Let me turn now to sanctions, on which the Select Committee, the House and the Government quite properly indulge in debates. Three million people have been sanctioned since 2012. We know now that a person can be in work and sanctioned. I challenge the Minister to answer this when he replies to the debate: as a person can be sanctioned for not getting a higher income, even though they are in work, will he tell me how many work coaches in DWP have been sent for interviews by their colleagues because, given the amount of benefit that they draw as a result of the wages that they gain from DWP, they will now be sanctioned if they do not improve their income. Sanctions, therefore, form the second cut.
Another cut has come in the form of the lowering of the local housing allowance. Since 2013, 1.4 million of our fellow citizens have suffered an average loss of £50 a week. We are not talking about our salaries; we are talking about people who are earning very, very modest incomes from the benefits system.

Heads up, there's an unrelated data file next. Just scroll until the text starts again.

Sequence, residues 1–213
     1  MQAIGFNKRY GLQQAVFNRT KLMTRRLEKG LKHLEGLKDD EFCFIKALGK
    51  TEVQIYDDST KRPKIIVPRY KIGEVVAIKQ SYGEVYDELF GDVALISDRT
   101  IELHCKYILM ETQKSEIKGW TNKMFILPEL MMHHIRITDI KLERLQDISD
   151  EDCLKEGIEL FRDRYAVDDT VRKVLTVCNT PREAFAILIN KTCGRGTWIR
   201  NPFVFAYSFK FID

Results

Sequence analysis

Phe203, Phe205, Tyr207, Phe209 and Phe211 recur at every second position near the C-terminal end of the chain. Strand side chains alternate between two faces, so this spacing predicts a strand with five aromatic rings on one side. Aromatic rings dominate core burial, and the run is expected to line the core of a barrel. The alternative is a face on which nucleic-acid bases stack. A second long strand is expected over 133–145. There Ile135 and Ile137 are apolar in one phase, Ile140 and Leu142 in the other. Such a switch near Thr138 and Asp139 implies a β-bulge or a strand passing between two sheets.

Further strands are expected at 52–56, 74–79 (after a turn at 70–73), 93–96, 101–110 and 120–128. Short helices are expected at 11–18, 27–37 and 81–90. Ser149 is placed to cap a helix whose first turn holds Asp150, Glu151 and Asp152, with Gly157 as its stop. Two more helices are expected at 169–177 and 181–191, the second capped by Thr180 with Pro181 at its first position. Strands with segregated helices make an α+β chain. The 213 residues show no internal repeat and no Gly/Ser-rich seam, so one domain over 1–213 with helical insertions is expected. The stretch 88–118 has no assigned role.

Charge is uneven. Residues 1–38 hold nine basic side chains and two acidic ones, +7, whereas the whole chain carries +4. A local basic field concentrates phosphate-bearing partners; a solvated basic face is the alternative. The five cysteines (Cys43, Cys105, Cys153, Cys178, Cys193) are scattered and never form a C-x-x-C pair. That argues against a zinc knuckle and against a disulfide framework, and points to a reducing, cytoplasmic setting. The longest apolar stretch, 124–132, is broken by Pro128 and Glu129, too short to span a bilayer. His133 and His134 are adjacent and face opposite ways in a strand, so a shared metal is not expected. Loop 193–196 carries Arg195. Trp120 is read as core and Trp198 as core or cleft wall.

On the bedroom tax, 704,000 of our constituents have suffered, on average, a weekly loss of £15 a week. A total of 197,000 households are affected by a benefit cut of between £63 and £73. Then there is the two-child limit, which affects 70,000 households, but which is likely to increase to 600,000, with an average weekly loss of £53. Any one of those cuts causes mayhem to the budgets of poorer people who have no savings—whether they are in work or not in work. I have witnessed in my constituency, as other Members have witnesses in their constituencies, an issue now not of poverty, but of people who struggle with all their might to maintain a roof over their heads.